Are there any studies that would support the measures that you are suggesting?:

    Do you consider the Tobacco Advertising Prohibition Regulation 1993 (or provisions within) redundant, unnecessary or otherwise not fit-for-purpose?

    Yes, the provisions are patronizing, redundant, and useless. Such hyper regulation is evidence of significant overreach, an insult to intelligence and lack of respect for individual choice.

    Would you like to:

    Respond to some or all consultation questions on tobacco plain packaging.

    Consultation questions – tobacco plain packaging

    What is working well in relation to the Tobacco Plain Packaging Act 2011 and the Tobacco Plain Packaging Regulations 2011?:

    The so called plain packaging of tobacco products legislation does not achieve the stated aims, and is a deeply illiberal example of appropriating the branding and trademarks of legitimate business as a vehicle for behavioural modification propaganda, interfering in the free market solely to appease anti-tobacco lifestyle control fanatics. The only post implementation review of the propaganda pack legislation was conducted by a leading proponent of “plain” packaging, predictably finding the policy was effective by blatant misuse of statistics. This is evidence of the absence of objective analysis and intellectual acuity applied to the failed plain packs policy. Evidence is “cherry picked” to bolster preconceived conclusions, while any facts contradicting such notions are ignored or suppressed.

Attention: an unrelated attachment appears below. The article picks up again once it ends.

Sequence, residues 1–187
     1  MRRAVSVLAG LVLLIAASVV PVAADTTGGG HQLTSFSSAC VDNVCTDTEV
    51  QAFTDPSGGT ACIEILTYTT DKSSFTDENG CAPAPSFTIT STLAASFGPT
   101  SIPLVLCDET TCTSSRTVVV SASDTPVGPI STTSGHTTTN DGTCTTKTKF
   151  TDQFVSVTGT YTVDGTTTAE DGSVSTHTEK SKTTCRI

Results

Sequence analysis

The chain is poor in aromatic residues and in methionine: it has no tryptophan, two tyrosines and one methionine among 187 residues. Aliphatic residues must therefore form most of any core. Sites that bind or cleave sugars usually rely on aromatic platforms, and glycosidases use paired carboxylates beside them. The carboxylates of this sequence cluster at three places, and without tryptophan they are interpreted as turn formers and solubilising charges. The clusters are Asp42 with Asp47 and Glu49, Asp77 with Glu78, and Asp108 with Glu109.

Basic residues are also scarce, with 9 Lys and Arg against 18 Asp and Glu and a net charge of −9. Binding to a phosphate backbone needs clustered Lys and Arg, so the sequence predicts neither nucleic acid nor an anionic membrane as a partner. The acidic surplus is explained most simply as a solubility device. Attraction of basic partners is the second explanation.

Do you consider the Tobacco Plain Packaging Regulations 2011 simple, clear and easy to read? If not, which elements of the legislation pose particular challenges, and what changes would you suggest?: